Soju T Varghese, interned at University of Erlangen, Nuremberg, shares his wonderful internship duration. Soju is a student of Electronics & Communication Engineering at Karunya University. Read his experience in his own words.
Bubbles of excitement started bursting in me right at the time of my visa-processing at Chennai that culminated in my landing in the mighty city of Munich in less than two weeks’ time from then. My departure to Germany was on a pretty short notice, not atleast to digest the fact that I was about to fly to Europe for an internship through IAESTE (International Association for the Exchange of Students for Technical Experience). For a person who was not so optimistic while registering as an IAESTE member, it was jaw-dropping and unbelievable! From the time I flew up from Trivandrum till I touched down the same place exactly after 62 days, I was living a dream. May it be for the rich cultural exchange, or my novel experience in being an intern with a bunch of tech-geeks, or my face off with cutting edge German engineering, or for the cities I explored in Europe…everything was too good to be true. And by the time I could realise it was really happening to me, I was back home dining with my mom and dad, carried by the eloquence about my two months of adventures.
That piercing chill I experienced in my first step out of Flughafen München(or the Munich International Airport) was pretty much of a good hint as of how a typical German “Summer” can be. Really cold summer days was one of the ironies that I confronted in Germany. Many times it was tougher than the toughest “winter” nights in South India! The mountainous challenge for a lone-newbie in Europe, of reaching the destination from the airport, which was about 3.5 hours for me by train, with atleast three connections in between was rendered rather easy when the old German couple, whom I met in my flight helped me getting train tickets and gave proper guidance to reach safe. I owe a big to them. Thank God they knew good English! Boarding the state-of-the-art Deutsche-Bahn (the German rail company) coaches that sped on the rails like a storm gave me a different-planet-like feeling right away. I was warmly welcomed to the small, beautiful town of Erlangen by the IAESTE Local Committee members, who took me to my apartment, giving me general tips on my stay there meanwhile. I could define tidiness and aesthetics of a place looking at the streets of Erlangen, so neat to find even a pinch of dust! My apartment was just five minutes’ walk from my work place at Technische Fakultät, of Friedrich Alexander University in Erlangen. I was to work in the Chair for Hardware/Software Co-design, in the Department of Computer Science headed by Prof. Juren Teich, a renowned academician in the field, under the guidance of Mr. Liyuan Zhang. My work was related to image processing using system level design.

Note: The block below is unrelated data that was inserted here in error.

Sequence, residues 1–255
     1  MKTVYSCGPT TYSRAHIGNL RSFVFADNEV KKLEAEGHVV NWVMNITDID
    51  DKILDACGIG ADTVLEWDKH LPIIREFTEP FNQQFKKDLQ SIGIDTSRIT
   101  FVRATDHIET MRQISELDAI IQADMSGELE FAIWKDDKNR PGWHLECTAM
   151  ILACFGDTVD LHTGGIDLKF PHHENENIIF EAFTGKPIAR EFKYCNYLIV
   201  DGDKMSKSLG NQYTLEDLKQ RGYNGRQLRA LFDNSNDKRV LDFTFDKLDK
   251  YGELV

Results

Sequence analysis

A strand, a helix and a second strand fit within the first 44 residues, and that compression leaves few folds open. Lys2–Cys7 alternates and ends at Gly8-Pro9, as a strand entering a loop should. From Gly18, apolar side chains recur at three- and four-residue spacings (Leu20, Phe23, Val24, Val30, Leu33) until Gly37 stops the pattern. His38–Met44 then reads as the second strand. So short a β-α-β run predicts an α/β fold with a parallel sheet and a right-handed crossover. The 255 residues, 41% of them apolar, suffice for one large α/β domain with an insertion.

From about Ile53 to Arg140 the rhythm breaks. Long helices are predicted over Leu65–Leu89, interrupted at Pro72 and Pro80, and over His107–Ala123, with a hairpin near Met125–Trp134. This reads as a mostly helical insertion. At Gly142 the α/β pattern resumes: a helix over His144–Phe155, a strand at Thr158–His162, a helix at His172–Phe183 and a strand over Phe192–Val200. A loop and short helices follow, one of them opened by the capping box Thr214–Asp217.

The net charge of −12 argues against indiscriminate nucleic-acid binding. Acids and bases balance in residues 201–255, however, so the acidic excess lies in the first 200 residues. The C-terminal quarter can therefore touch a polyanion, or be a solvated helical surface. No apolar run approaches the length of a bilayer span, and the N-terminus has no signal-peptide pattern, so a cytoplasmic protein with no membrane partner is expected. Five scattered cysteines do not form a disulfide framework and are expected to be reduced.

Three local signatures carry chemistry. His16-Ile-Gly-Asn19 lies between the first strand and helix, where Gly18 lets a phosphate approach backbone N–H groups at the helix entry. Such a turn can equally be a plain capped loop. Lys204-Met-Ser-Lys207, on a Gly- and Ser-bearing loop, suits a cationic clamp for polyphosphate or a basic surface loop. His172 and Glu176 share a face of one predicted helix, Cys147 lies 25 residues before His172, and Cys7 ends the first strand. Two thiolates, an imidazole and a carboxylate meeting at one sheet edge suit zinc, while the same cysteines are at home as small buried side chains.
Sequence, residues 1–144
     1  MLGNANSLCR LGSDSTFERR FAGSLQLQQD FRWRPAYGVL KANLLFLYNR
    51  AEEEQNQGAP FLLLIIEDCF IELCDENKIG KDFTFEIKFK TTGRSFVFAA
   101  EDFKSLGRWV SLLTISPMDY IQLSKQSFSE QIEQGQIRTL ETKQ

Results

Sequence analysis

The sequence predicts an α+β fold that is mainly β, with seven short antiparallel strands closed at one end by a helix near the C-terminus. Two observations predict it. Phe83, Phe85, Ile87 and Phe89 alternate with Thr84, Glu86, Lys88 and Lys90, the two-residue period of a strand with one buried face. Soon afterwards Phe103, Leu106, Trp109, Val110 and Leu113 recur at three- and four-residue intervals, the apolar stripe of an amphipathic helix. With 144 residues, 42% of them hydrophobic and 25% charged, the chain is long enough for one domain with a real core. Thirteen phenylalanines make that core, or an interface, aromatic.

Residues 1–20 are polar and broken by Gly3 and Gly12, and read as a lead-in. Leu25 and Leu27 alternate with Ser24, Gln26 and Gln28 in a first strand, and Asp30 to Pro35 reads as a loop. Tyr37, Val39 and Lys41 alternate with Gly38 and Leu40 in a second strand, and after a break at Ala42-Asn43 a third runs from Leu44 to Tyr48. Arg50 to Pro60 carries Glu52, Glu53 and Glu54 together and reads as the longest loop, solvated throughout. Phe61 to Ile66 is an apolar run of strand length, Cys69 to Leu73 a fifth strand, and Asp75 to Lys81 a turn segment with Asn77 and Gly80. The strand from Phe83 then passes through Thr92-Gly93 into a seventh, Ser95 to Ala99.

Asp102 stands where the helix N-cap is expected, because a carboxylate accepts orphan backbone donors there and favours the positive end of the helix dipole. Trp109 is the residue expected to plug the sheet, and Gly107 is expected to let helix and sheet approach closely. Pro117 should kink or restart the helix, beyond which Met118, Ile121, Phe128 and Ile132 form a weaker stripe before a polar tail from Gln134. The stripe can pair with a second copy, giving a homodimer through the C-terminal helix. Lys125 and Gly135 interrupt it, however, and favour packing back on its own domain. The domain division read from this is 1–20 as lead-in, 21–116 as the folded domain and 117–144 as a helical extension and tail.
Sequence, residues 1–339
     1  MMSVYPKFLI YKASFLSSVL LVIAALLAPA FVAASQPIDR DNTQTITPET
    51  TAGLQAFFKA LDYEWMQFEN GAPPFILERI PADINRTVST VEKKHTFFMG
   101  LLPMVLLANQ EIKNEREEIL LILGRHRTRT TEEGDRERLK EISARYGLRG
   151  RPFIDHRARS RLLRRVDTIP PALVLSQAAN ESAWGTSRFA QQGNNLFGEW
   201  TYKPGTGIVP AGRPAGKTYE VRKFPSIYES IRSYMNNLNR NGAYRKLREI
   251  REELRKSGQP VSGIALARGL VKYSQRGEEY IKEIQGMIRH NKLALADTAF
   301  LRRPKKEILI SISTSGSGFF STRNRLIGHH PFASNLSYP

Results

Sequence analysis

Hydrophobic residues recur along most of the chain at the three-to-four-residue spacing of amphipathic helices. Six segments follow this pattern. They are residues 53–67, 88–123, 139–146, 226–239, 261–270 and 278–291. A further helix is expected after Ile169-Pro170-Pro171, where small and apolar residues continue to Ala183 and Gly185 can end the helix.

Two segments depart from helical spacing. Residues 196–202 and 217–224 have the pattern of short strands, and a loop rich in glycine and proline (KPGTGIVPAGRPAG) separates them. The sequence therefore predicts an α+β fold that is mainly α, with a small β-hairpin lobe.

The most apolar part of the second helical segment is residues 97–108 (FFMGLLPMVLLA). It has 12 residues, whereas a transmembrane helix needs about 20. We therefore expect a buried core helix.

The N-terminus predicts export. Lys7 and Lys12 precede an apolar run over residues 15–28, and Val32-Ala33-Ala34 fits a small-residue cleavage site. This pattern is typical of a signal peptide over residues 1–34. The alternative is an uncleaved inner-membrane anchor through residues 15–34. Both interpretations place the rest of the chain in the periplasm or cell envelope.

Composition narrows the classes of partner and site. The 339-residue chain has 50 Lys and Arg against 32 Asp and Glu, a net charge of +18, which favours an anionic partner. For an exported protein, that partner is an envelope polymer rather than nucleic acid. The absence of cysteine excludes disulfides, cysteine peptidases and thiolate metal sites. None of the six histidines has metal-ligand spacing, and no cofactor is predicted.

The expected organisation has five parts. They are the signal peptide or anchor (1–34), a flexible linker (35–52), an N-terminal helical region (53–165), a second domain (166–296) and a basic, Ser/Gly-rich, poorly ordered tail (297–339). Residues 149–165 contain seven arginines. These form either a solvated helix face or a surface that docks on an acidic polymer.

Being slightly jet-lagged, I wanted to sleep a bit early, but much to my surprise, it was never getting dark in the evening! I was taken aback only to find that the sun was still out there, as brilliant as in the noon, when both my watch and phone read 9.00 “PM”. I was wonder-struck till the German girl opposite to my room reminded me of school-geography lessons- long summer days and short winter days in higher latitudes. And finally it was almost dark at about 10 O‘ clock, when I dozed off to bed. The next was my first day at work and strictly adhering to time, I was in front of my supervisor’s room sharp at 9.30 AM. I went in stiff-ironed formals, only to invite confused looks of people. Soon I discovered that even the head professor was in t-shirt and shorts and that pretty much explained the reason for the alien-like gazes of people around. Never ever I touched my formal apparels again in the course of next two months, and I regretted carrying extra weight in my luggage up and down, which went in vain. From my experience, the seemingly casual Germans are unbeatable professionals at work!